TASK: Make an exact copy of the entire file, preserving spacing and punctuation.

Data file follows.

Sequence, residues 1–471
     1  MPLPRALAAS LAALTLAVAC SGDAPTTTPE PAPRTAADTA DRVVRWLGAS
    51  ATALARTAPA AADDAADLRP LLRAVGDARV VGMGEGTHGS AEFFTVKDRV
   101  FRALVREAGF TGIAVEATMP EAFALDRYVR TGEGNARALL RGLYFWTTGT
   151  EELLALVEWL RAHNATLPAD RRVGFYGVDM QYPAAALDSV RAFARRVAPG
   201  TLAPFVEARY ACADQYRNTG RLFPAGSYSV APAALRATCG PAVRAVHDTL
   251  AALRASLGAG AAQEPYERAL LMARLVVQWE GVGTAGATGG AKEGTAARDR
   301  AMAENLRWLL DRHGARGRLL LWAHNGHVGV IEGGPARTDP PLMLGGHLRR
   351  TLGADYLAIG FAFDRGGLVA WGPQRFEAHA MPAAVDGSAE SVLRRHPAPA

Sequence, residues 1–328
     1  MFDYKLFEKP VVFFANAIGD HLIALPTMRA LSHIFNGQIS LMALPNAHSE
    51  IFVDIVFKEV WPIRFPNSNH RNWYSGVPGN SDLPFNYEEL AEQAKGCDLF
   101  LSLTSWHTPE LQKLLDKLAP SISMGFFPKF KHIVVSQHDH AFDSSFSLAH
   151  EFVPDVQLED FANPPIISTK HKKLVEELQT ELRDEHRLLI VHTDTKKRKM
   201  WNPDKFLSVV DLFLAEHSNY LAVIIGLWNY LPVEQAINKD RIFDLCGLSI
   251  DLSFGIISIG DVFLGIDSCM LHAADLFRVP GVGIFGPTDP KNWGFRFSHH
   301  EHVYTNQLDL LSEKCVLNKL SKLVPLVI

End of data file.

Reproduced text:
Sequence, residues 1–471
     1  MPLPRALAAS LAALTLAVAC SGDAPTTTPE PAPRTAADTA DRVVRWLGAS
    51  ATALARTAPA AADDAADLRP LLRAVGDARV VGMGEGTHGS AEFFTVKDRV
   101  FRALVREAGF TGIAVEATMP EAFALDRYVR TGEGNARALL RGLYFWTTGT
   151  EELLALVEWL RAHNATLPAD RRVGFYGVDM QYPAAALDSV RAFARRVAPG
   201  TLAPFVEARY ACADQYRNTG RLFPAGSYSV APAALRATCG PAVRAVHDTL
   251  AALRASLGAG AAQEPYERAL LMARLVVQWE GVGTAGATGG AKEGTAARDR
   301  AMAENLRWLL DRHGARGRLL LWAHNGHVGV IEGGPARTDP PLMLGGHLRR
   351  TLGADYLAIG FAFDRGGLVA WGPQRFEAHA MPAAVDGSAE SVLRRHPAPA

Sequence, residues 1–328
     1  MFDYKLFEKP VVFFANAIGD HLIALPTMRA LSHIFNGQIS LMALPNAHSE
    51  IFVDIVFKEV WPIRFPNSNH RNWYSGVPGN SDLPFNYEEL AEQAKGCDLF
   101  LSLTSWHTPE LQKLLDKLAP SISMGFFPKF KHIVVSQHDH AFDSSFSLAH
   151  EFVPDVQLED FANPPIISTK HKKLVEELQT ELRDEHRLLI VHTDTKKRKM
   201  WNPDKFLSVV DLFLAEHSNY LAVIIGLWNY LPVEQAINKD RIFDLCGLSI
   251  DLSFGIISIG DVFLGIDSCM LHAADLFRVP GVGIFGPTDP KNWGFRFSHH
   301  EHVYTNQLDL LSEKCVLNKL SKLVPLVI